Rather than simply creating a new franchise, with a story showing how Don Diego de la Vega became the original Zorro, this film focuses on the fact that Zorro, unlike other heroes, is a legend, and can live through generations.
Anthony Hopkins plays an aging de la Vega, who is caught out by his enemies and is subjected to twenty years imprisonment before escaping. Upon his escape, he finds that his gaoler, Don Rafael Montero, has returned to California, with evil plans no less. De la Vega finds troubled bandit Alejandro Murrieta (played with comic charm by Antonio Banderas) seeking to avenge his brother's death and Murrieta's training to become the new Zorro begins.
Unlike Zorros of the past, this film had a far more lenient budget, giving way for wire effects and stunt men, so that the film could stretch to its fullest. However, at the beginning of the film, when we see Hopkins in his final days as Zorro, it is slightly laughable, as the camera films a slightly pudgy old man before the shot changes and he transforms into an athletic youth (clearly a stuntman), leaping around the scenery and jousting at his foes. Hopkins' acting skill definitely paid off in the role of De la Vega, however he did not have the physical presence of Zorro in his old age. Then again, finding an athletic sixty-year old who can pass for a thirty-year old and still act to his fullest is probably easier said then done.
This film is visually and audibly breathtaking, also, with James Horner's impressive Hespanic themes and beautiful landscapes. One particular scene which compliments both musical and production design is an impressive, however slightly erotic, tango scene between Banderas and Catherine Zeta Jones' love interest.
Overall, this is a highly enjoyable family film that will appeal to all who love adventure.
Better than your average comic adaptation
There are numerous reasons I believe DC Comics are better than Marvel comics. This is not the place to explore them all, however one of the central reasons is that DC's films will always be remembered as more than just comic-book films. Superman is fondly remembered as one of the greatest films of all time. And Batman by Tim Burton is remembered as one of the most Gothic, and grim blockbusters of all time.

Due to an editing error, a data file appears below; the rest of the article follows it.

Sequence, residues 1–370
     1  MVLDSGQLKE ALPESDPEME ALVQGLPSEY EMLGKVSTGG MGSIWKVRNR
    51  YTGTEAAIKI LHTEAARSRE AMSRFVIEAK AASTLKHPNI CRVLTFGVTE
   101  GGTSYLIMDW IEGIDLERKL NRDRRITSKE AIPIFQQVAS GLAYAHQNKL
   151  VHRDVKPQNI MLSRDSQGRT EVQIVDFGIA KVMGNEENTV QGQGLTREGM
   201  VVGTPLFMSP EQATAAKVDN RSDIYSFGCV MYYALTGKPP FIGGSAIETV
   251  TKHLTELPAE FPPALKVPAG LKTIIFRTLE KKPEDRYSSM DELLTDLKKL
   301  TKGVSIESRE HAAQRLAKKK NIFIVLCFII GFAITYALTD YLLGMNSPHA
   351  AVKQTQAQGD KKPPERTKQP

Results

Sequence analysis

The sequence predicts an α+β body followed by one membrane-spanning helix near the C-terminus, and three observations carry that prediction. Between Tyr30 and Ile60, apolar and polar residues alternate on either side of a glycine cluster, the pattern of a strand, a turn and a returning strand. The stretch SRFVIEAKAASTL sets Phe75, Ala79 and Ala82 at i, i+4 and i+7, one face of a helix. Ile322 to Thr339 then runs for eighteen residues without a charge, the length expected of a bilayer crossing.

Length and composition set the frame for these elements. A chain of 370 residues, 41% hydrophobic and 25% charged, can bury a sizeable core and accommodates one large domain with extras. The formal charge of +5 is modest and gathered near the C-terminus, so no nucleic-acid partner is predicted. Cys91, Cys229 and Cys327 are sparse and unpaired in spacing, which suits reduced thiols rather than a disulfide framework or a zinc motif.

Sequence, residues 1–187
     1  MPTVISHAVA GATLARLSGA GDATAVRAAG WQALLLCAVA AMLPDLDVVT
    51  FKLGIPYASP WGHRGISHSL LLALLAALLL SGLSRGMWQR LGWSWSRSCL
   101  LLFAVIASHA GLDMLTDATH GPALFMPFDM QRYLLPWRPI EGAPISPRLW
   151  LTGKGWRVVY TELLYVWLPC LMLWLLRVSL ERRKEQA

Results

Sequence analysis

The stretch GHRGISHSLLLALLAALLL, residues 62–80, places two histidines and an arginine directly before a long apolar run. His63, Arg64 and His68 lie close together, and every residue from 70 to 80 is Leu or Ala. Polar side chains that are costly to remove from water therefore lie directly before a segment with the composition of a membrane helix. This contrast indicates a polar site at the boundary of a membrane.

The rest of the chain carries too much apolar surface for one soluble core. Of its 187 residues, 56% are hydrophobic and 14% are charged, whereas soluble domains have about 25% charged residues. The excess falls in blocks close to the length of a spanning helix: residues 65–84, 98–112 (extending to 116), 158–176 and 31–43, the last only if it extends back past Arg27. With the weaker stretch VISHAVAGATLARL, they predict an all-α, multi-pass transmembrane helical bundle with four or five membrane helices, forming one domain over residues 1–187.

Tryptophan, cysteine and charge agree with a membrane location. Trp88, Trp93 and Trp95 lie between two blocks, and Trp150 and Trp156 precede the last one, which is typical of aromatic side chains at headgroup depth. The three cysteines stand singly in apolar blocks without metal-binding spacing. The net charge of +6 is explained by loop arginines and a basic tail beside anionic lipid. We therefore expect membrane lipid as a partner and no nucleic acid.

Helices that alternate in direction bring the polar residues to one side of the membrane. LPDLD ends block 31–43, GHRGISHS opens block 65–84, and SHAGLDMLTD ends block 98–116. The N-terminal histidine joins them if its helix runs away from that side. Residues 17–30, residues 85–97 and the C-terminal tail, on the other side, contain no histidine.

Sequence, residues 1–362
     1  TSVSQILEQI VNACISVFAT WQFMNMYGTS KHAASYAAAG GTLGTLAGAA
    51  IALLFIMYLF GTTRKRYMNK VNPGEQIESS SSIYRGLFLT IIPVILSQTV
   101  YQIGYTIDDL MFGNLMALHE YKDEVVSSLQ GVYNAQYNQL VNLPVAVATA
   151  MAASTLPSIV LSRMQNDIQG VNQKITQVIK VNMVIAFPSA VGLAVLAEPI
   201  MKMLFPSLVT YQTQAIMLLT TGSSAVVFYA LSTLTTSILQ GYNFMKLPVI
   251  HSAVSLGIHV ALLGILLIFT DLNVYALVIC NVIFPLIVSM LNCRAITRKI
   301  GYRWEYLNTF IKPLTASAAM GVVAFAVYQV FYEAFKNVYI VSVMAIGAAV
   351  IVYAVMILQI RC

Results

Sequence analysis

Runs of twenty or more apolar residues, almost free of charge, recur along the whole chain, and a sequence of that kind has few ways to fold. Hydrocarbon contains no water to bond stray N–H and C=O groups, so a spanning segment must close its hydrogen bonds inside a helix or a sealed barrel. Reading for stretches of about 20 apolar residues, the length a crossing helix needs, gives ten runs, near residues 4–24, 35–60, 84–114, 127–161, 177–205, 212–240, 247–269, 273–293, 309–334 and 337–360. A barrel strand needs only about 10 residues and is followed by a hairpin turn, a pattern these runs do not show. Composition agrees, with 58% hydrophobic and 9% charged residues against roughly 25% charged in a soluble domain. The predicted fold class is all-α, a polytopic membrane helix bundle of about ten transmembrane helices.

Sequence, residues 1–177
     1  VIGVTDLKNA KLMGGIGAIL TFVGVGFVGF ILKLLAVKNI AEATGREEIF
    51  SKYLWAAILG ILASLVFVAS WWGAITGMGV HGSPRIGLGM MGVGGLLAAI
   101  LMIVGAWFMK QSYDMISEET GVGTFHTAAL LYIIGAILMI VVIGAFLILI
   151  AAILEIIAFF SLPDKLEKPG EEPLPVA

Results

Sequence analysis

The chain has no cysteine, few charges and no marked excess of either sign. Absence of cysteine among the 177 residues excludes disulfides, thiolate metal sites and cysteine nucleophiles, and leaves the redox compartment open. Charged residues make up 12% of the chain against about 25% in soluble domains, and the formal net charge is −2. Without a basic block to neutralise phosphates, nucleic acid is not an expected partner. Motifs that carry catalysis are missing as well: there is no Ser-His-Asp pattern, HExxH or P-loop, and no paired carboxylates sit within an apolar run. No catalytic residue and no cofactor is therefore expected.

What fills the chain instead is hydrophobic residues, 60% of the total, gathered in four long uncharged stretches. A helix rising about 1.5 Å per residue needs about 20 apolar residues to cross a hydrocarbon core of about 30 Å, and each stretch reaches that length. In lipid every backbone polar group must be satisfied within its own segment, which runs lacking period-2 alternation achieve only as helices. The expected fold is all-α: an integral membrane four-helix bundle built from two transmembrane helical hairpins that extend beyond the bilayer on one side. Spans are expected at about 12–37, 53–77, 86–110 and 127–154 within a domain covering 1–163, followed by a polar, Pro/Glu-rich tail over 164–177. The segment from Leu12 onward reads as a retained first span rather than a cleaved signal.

This film is not an origin story in the truer sense of the word. It doesn't show how Bruce Wayne, millionaire industrialist actually became Batman. Rather, it throws us right into the action, with a beautiful opening scene. Batman scares a couple of punks into submission before Keaton delivers the epic line, that practically torpedoed all memories of television shows starring Adam West: "What are you?" "I'm BATMAN!" The film's plot is quite thin and is more based around the rivalry of Batman and his arch-nemesis The Joker (played to perfection by Jack Nicholson) but the visual aspect of the film makes up for it.
The only true downfall of this film is that Batman is not the main character. That right belongs to Jack Nicholson. This annoyed me somewhat, what with Keaton's scenes being so breathtaking (especially considering that there's such a small, slight man underneath all of that rubber!). Despite this fact, this is one of the better comic book adaptations you will ever see.
Far superior to the original
"Saved By The Bell" was a ridiculously wacky and zany affair, what with its occasional science-fiction oriented episodes (I recall one episode where Screech developed the ability to read minds!) and the acting was atrocious. The sets were horribly plastic and you could tell that you were watching a TV show. It never felt real.
"Saved By The Bell: The College Years" is quite a sophisticated situation comedy that doesn't always follow the same formula, as the original mostly did. Unlike the original, the characters develop throughout the series, and their strengths and weaknesses are drawn out more consistently. Also, the 'girlfriend of the week' plot tool is completely thrown out. Zach is never seen with a girlfriend who has been dumped by the following episode.
My theory for the cancellation of this above-average show is that unlike the kiddy-oriented original, this series was far more sophisticated and probably had a hard time finding its audience, which led to its cancellation.
The result was one final crack: a TV movie. Heinous at best, crap at worst.
Nevertheless, this series is definitely worth watching.